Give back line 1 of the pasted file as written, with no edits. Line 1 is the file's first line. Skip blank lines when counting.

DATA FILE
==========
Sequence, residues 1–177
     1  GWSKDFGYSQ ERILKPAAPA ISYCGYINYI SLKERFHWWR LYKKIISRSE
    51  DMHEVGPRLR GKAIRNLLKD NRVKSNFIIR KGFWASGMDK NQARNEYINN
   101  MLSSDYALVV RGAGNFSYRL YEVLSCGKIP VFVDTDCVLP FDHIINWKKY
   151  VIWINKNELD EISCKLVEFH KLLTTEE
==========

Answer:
Sequence, residues 1–177